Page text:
The planning is rigorous, Bile insists: "When we want to kidnap a ship, we go with not more than six or seven men because we don't want to be a mob, this is a military tactic."
Fatima says the people will gather to pray for the pirates and that when they set sail sacrifices are made in traditional ceremonies where a goat will be slaughtered, its throat cut."
An industry has grown up around the pirates, with restaurants to feed the kidnapped crews who as potentially tradable assets must be looked after. The pirates have become glamorous figures. Like most of the girls in Eyl, Sadiya Samatar Haji wants to marry a pirate. "I'm not taking no for an answer," she says. "I'll tie the knot with a pirate man because I'll get to live in a good house with good money."
Twelve-year-old Mohamed Bishar Adle, in nearby Garowe, the regional capital of Puntland, knows what he wants to do with his education. "When I finish high school, I will be a pirate man, I will work for my family and will get more money."
Beyond the bravado, Bile acknowledges that the danger is increasing. He will not say how many attacks he has participated in but he does claim to have been one of the pirates who clashed with French forces in April this year after the capture and ransom of a luxury yacht. French commandoes pursued a band of Somali pirates en route to Eyl after a ransom had been paid. Bile says nine of his compatriots were taken and that only he and one other friend were able to escape. Six of those caught face prosecution in Paris after being transferred to France.
He also remembers the terror of his first mission. "You don't know if it's a warship. You have to open fire and if it doesn't respond you know."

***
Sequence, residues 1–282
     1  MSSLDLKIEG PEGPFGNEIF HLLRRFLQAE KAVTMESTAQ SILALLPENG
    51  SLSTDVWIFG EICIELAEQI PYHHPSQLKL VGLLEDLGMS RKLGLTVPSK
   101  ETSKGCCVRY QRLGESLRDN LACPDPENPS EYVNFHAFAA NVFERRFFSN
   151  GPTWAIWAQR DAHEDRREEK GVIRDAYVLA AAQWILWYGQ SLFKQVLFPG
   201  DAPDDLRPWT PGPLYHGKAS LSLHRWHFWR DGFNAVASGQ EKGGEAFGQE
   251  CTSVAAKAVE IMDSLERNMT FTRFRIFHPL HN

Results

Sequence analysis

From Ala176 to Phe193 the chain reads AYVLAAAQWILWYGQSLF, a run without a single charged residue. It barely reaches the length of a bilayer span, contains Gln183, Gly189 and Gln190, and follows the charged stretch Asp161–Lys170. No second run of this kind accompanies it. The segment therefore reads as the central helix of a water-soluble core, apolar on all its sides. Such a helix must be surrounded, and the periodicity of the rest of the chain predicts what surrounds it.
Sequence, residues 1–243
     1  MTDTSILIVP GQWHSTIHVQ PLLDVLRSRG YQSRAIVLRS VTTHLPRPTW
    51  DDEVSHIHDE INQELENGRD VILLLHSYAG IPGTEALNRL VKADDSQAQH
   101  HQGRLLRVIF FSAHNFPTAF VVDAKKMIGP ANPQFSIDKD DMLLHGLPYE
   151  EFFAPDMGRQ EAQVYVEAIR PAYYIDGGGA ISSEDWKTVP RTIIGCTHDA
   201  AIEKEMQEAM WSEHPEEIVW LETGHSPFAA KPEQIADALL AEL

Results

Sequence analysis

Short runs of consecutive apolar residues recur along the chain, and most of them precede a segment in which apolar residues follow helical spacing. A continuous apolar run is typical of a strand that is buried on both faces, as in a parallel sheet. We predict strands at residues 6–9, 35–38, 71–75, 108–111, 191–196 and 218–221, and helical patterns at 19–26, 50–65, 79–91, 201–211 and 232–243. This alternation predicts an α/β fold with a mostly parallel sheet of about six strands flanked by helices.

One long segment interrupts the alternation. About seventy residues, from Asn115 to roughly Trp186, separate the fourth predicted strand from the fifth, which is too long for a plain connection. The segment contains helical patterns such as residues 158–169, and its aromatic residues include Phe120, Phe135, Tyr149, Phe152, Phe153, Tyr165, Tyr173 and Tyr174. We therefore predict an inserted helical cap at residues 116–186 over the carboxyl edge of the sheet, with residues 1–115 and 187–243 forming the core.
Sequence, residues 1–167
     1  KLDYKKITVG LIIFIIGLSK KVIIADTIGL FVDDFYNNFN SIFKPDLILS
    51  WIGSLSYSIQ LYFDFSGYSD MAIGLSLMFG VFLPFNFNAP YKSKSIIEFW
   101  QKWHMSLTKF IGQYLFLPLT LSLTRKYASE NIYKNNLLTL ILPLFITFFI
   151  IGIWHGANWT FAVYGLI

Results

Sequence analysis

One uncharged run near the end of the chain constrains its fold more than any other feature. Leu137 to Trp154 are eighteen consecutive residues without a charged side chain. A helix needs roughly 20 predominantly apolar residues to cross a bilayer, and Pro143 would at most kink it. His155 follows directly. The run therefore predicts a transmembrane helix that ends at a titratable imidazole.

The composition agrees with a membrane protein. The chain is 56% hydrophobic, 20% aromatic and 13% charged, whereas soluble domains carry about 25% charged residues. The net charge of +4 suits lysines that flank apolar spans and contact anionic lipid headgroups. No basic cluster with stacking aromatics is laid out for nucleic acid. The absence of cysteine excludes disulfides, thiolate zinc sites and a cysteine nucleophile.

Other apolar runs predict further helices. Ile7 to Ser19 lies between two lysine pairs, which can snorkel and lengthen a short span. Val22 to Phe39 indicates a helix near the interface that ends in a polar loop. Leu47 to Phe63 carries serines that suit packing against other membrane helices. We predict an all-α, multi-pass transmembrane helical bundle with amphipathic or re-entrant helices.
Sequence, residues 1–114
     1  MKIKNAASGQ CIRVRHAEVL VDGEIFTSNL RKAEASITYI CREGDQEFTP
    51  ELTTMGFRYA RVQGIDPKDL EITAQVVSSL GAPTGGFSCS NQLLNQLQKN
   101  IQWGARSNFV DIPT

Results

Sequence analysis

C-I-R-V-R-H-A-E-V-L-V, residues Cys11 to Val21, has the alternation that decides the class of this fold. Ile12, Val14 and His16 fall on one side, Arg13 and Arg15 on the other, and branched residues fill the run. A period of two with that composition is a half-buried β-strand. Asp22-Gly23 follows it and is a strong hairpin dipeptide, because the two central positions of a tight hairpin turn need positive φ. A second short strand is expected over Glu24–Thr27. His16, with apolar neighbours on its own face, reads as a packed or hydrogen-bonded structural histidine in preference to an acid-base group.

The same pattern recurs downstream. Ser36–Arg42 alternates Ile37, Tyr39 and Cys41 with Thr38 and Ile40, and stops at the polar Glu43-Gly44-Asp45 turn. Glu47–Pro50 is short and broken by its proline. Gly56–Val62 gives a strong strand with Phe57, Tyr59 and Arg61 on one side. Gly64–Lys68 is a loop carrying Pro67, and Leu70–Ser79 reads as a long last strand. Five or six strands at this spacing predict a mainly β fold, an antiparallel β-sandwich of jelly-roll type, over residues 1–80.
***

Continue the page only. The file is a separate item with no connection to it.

Bile did not grow up dreaming of being a pirate. He comes from a family of fishermen whose livelihood was destroyed, he says, by the arrival of industrial trawlers from Europe.
At some 3,300 kilometres, Somalia has the longest coastline in Africa. With a fertile upswelling where the ocean reaches Africa's Horn, the seas are rich in tuna, swordfish and shark, as well as coastal beds of lobster and valuable shrimp.
With the overthrow of Siad Barre's government in 1991, the territorial waters off Somalia became a free-for-all. Trawlers from more than 16 different nations were recorded within its waters – many of them armed. EU vessels flying flags of convenience cut deals with the illegitimate authorities in Somalia, according to UN investigators.
Clashes between large, foreign fishing interests and Somali fishermen in the late 1990s were the prelude to the upsurge in piracy.
Bile, like many of the pirates, calls himself a "coastguard" and insists he has more right to these contested seas than the foreign forces now patrolling them. He says many of his friends' boats were destroyed in these battles and stocks of a fish known locally as "yumbi" have all but disappeared.
Like many in Somalia, Bile is angry that outside powers are seeking a military solution to a more complex problem. He rejects the tag of "terrorist" and denies links to Islamic militias, like the Al-Shabab, which are in control of large areas of Somalia. He insists that the pirates would not give "one AK-47" to the Islamists.
While admitting that the influx of foreign navies is making his life more dangerous, he remains defiant: "We will keep carrying out attacks. We are ready for long distance attacks as far as the coast of Yemen."

No comments: